If you feel like this comparison isn’t enough for you to make your decision, check out our comparison on Squarespace vs WordPress.
Squarespace offers four premium plans with a 14-day free trial:
- Personal ($14.00/month) – basic plan for simple personal websites
- Business ($18.00/month) – advanced analytics and eCommerce functionality with a 3% fee
- Basic eCommerce ($26.00/month) – HTML and CSS code optimization with eCommerce functionality without any fees
- Advanced eCommerce ($40.00/month) – all-included eCommerce features without any fee, the ability to sell subscriptions, and advanced shipping
While selling online is available with the Business plan, you’ll get better eCommerce features if you opt for either Basic eCommerce or Advanced eCommerce because these plans don’t have that pesky 3% transaction fee.
There you go. Squarespace is a great WordPress alternative if you want to create an online shop, and you don’t want to bang your head against a wall because WooCommerce is too complicated.
- Beautiful templates
- Easy to use editor
- Small app library
- Could have more design freedom
Webflow – design-oriented WordPress alternative
|Price range||From $12.00 to $212.00|
|Features||Excellent marketing features|
|Best for||Designers and freelancers|
Webflow is an excellent alternative for WordPress if you’re a designer. This builder is a no-code visual website builder, letting you make custom design choices and functionalities, something WordPress could very barely do. This website builder has everything covered, and with all the editing options, you get the advantages of using a visual editor while building a fully custom website from square one.
The first look at Webflow might create a feeling that it’s more of a tool to create prototypes of websites rather than something for actually building them.
That’s not the case, though – without writing a single line of code, you are able to build the website exactly how you want it, however, it might be a little overwhelming at first.
Why am I saying that? Because here’s how the editor looks.
Looks a bit cluttered, doesn’t it? And that’s just a tiny part of it – there are numerous menus with multiple options, and truth be told, you may get lost at first.
However, don’t let this first impression scare you. All you have to do is go through the initial tutorial and spend some time with the editor getting to know it. As a result, you’ll handle it and create something you can’t with an average website builder. Besides, Webflow is really trying to help you out in the beginning.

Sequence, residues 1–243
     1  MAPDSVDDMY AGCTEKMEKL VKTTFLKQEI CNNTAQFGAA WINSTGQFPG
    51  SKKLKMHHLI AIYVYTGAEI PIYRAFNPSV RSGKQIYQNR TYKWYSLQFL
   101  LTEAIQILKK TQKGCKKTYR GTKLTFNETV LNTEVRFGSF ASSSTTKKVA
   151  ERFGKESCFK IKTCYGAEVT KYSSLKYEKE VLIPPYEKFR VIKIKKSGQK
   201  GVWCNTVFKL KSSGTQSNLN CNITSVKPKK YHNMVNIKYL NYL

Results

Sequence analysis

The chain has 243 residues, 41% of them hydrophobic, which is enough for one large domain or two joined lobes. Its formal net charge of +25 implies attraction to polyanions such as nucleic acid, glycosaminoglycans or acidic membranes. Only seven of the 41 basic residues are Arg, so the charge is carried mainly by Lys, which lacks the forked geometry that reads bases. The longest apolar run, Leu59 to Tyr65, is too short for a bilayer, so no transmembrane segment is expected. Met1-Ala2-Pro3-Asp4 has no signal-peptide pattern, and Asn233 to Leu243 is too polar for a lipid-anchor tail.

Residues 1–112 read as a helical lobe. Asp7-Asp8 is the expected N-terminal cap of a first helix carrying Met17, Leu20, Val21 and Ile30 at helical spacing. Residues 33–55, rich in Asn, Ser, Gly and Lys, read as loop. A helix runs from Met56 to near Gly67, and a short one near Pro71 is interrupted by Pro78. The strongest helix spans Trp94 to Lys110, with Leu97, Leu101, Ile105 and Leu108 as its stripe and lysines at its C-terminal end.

Since the editor is a head-scratcher at first, ease of use is a bit questionable. But, as soon as you get used to everything, you’ll find your way around the editor in no time. You can read more about Webflow’s ease of use in our Webflow review.
Next, let’s talk about templates. Webflow has an impressive library, and while you have access to some free templates, most of them are paid. The cheapest I’ve come across was $24, while the most expensive was $129. The good news is that they look beautiful and cover all major niches.
In my opinion, this is no different from what WordPress is doing. It gives you a few free templates, which are not much to look at, and then it provides you with thousands of paid templates that look good. And while Webflow doesn’t have thousands of themes in its library, I could argue that its paid templates are way better than what WordPress has to offer.
It seems like Webflow has the most confusing pricing system I’ve ever seen.
Firstly, there are 2 types of plans: site plans and account plans. Site plans are suitable for regular sites, while account plans are more suitable for freelancers and designers – people that build websites not for themselves, but for their clients.
When choosing between Site plans, look into the 3 regular plans, that are suitable for regular sites with no eCommerce functionality:
Basic ($12.00/month) – 25 000 monthly visits, 100 form submissions, 50 GB CDN bandwidth
CMS ($16.00/month) – 3 editors, 100 000 monthly visitors, 1 000 form submissions, 2 000 CMS collection items, 200 GB CDN bandwidth
Business ($36 .00 /month) – 10 editors, 500 000 monthly visits, 2 000 form submissions, 10 000 CMS collection items, 400 GB CDN bandwidth
Now, if you need eCommerce functionality, there are also 3 site plans. As you can probably guess, the prices are higher:
/month) – similar to the CMS plan, allows to add up to 500 items, 2% transaction fee, the yearly sales volume is limited to $50k
Plus ($74 .00 /month) – similar to the Business plan, allows to add up to 1000 items, no transaction fee, the yearly sales volume is limited to $200k
Advanced ($212 .00 /month) – similar to the Business plan, allows to add up to 3000 items, no transaction fee, no limit to the yearly sales volume
Moving forward, account plans – they don’t include hosting and instead focus on letting you build several websites, either for yourself or for your clients. First, there are the individual plans:
Starter (free) – 2 simple projects on one account